The Mudcat Café TM
Thread #140458   Message #3230050
Posted By: Howard Jones
27-Sep-11 - 02:03 PM
Thread Name: Tech: PAT testing
Subject: RE: Tech: PAT testing
Sorry, Spudsey, but if you are being paid to perform then so far as the law is concerned you are "at work". Why do you see this as an insult? Why is a part-time hobbyist any different from a full-time professional?

The law in rhis area is not over-officious. As has been pointed out several times, the PAT test is not a legal requirement. It is however a legal requirement that electrical equipment should be safe and should be regularly inspected, and a PAT certificate is a recognised means of proving that this has been done.

The issue is not meeting the band's Health and Safety obligations for its own equipment, but complying with a venue's own H&S policy. You need to understand how large organisations operate, in both the private and public sectors. It may be reasonable for an individual tradesman to rely on his own experience to keep safe, but a large organisation has many staff, not all of whom may be responsible, intelligent or experienced. They rely instead on written policies and procedures. By having systems in place they can not only manage the risks better, but if someone fails to comply and then gets injured it gives the organisation a better case for avoiding liability.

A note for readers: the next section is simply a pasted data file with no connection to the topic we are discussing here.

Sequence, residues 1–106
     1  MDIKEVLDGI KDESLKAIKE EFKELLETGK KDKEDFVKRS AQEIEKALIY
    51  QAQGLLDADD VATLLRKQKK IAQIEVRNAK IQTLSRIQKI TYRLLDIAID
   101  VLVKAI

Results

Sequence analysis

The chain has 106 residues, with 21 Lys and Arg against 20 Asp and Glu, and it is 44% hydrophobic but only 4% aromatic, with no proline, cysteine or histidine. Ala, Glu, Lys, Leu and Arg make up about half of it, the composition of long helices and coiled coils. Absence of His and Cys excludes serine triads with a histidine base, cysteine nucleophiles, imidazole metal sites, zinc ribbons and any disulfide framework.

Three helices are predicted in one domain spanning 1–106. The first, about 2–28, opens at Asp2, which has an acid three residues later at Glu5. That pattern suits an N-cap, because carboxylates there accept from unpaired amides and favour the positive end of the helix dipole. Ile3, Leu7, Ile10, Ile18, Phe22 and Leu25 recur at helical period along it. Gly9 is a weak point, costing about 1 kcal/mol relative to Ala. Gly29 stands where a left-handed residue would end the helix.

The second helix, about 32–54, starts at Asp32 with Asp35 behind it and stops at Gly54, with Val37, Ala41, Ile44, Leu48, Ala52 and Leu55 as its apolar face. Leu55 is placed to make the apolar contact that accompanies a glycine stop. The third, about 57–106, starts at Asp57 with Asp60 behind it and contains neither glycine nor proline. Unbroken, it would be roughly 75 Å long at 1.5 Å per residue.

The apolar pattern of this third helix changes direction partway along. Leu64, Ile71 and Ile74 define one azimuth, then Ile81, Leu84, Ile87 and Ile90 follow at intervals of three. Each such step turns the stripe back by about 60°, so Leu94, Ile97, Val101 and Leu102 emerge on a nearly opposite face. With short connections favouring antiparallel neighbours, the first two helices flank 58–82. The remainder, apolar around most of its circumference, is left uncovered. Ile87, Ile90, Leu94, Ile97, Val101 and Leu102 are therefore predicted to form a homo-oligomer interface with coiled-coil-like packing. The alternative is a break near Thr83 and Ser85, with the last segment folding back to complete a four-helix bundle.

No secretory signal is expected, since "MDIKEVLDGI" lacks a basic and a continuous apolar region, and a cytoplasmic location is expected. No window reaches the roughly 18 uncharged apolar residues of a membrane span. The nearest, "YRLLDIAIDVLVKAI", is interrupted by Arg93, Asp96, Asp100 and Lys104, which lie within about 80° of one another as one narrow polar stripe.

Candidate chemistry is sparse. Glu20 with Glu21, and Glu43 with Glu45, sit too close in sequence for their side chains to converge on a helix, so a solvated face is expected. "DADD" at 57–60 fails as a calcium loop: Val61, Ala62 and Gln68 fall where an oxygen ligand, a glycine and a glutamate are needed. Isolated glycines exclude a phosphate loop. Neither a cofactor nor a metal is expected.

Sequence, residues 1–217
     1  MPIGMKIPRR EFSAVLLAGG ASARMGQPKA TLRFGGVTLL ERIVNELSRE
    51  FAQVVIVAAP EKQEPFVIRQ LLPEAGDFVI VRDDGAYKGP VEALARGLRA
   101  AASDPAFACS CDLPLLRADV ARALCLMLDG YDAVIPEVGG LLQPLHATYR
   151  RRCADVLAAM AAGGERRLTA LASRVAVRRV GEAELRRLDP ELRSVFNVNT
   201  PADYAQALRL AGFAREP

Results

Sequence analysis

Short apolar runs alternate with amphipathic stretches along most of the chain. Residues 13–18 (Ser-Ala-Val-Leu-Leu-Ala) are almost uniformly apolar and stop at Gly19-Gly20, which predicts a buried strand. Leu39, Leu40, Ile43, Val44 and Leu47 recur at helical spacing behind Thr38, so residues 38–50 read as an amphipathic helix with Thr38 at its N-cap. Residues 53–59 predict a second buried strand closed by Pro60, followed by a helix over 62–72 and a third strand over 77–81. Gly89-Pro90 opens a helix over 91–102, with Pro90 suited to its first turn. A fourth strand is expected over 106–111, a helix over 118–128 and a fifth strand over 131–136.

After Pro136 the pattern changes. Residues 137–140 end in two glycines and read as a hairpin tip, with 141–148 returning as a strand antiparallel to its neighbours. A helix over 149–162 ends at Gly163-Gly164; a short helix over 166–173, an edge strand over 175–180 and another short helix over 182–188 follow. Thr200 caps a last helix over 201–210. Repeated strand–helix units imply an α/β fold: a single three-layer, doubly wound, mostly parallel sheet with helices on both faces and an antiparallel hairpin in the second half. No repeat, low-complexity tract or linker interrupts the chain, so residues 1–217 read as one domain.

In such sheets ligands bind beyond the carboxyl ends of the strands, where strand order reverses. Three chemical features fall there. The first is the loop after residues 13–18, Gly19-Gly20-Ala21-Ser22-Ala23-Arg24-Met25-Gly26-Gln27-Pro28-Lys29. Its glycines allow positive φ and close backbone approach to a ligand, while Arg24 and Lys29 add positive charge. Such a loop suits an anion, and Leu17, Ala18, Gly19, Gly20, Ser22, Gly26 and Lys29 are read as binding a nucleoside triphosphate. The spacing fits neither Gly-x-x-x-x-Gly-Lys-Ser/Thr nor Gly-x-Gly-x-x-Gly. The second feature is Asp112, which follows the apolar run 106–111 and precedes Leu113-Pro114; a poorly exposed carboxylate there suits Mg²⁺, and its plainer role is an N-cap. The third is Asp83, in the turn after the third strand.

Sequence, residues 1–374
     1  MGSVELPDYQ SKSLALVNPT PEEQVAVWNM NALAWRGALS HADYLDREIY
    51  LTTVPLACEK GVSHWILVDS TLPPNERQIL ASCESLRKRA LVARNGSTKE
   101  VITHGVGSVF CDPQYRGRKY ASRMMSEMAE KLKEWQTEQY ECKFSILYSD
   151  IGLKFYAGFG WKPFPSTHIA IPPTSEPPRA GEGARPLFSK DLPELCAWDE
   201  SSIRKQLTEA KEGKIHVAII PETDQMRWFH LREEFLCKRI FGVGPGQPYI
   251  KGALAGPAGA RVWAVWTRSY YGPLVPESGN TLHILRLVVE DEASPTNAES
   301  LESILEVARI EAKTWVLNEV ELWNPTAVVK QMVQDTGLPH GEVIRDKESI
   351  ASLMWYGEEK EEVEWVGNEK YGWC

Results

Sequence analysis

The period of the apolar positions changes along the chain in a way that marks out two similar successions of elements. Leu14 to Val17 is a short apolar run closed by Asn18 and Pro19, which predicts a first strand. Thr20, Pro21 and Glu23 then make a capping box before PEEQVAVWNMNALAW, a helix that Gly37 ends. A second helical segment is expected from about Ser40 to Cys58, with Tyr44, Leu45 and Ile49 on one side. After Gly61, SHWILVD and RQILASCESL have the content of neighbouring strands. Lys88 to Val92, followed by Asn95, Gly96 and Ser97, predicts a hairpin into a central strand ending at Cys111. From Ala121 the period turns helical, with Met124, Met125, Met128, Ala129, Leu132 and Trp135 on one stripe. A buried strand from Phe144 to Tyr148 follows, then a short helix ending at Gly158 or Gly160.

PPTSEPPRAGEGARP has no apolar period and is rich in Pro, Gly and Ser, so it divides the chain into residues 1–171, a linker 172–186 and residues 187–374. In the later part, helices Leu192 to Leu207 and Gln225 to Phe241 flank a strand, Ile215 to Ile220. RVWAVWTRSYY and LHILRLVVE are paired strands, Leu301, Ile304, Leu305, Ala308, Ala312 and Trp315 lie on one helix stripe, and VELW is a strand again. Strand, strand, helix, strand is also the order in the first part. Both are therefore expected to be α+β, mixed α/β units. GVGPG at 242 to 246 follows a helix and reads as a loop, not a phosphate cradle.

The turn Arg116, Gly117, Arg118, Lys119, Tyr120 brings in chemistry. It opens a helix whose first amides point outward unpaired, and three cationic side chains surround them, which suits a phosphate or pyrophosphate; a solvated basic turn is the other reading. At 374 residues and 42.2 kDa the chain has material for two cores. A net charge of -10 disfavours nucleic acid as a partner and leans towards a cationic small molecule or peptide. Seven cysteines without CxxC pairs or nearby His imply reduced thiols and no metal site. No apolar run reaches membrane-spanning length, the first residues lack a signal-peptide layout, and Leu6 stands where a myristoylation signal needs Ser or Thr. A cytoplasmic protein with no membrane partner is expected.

An organisation's policy for portable electrical equipment will cover all types of equipment, not just a band's PA. It is not reasonable to expect a caretaker or bar manager to be able to identify an assortment of black boxes and other gear, understand what they do and what risks they may present and decide which items should be tested and which should not. There's no point in arguing with such a person, because even if they have the expertise to make that judgement they almost certainly will not have the authority to deviate from the policy.

In practice, in my experience, this is simply a clerical exercise carried out long before the gig, and I have never known any gear to be checked at the time of a performance. However if something were to go wrong then you would have to explain why certain bits of kit had not been tested - and if testing a mic or cable would serve no purpose, then that would be the opportunity to explain it.

If you only ever play gigs in your own venue then you might be able to get away without PAT tests, but you would nevertheless have to carry out appropriate checks and in the event of an accident you might have to demonstrate to the HSE that your checking and maintenance regime was adequate. However if you play in venues belonging to someone else, especially local authorities and large hotel chains, you can expect to be asked to prove to them that you have the necessary systems in place. If you don't like it, don't take the gig.